2012 budget is full of contradictions

When Washington finally turns its attention back to Obama's 2012 proposal, people will start to notice all the conflicting tax proposals.

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    U.S. President Barack Obama holds a news conference in at the White House in December 2010. Obama's 2012 budget proposal has been overshadowed by other events lately, but soon Washington will pick it back up and notice that it's confusing.
    Jim Young / Reuters / File
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President Obama’s budget proposal has been overshadowed by the earthquake and tsunami in Japan, a new military action in Libya, and continuing battles over the 2011 budget, not to mention tiger blood and March Madness.

But one of these days, Washington will turn its attention back to a core piece of business – budgeting for 2012 and beyond. To help with that process, my colleagues at the Tax Policy Center recently released an analysis of the tax proposals in the President’s budget.

The report discusses the president’s numerous proposals and puts them into larger budget context.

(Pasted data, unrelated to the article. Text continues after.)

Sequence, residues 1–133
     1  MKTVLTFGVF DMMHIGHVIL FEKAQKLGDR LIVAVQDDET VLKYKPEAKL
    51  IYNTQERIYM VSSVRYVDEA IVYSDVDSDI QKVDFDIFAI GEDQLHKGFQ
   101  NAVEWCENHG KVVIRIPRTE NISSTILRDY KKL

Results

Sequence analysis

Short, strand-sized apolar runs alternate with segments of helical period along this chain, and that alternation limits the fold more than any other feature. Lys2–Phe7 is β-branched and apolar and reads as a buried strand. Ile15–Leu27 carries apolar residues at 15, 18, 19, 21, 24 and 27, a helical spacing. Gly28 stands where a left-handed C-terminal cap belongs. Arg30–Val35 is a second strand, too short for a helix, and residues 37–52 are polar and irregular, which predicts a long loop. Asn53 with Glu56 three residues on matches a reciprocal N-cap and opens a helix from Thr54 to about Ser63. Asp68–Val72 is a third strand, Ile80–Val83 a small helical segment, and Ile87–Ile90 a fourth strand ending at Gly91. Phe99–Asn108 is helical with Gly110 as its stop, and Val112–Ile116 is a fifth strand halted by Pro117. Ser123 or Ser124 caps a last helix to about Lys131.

As I’ve noted before, one unfortunate feature of our tax system is that it is riddled with uncertainty. There are now major temporary cuts in the taxes on individual incomes, corporate income, payrolls, and estates. As a result, it can sometimes be confusing to talk about potential policy changes. Should changes be measured relative to tax law as now written? Relative to the tax law in place in 2011? Or something in between?

The first table in the TPC report measures the ten-year budget impact of the president’s proposals against three benchmarks. Relative to current law, the president is proposing a $2.4 trillion tax cut over the next decade. That’s because he would extend most of the tax cuts that expire at the end of 2012, including the 2001 and 2003 tax cuts for “middle-income” taxpayers, the AMT patch, and the estate tax at 2009 levels. Those extensions total $3.1 trillion, which he would partly offset by $700 billion in revenue increases.

Relative to current policy — which we define as 2011 tax law excluding the payroll tax holiday and temporary investment incentives — the president’s proposal turns out to be a $2.0 trillion tax increase. That’s because he would not extend certain provisions of 2011 tax law, most notably the lower rates on “upper-income” taxpayers and the lower estate tax.

Confusingly, the president uses neither of these benchmarks to measure his proposals. Instead, he assumes that the upper-income tax cuts expire, while the middle-income ones get extended. Under that assumption, the president’s tax proposal amounts to a $700 billion tax increase.

So there you have it. Depending on how you look at it, President Obama is proposing to cut taxes by $2.4 trillion over the next decade, raise them by $700 billion, or raise them by $2.0 trillion. It all depends on your benchmark.

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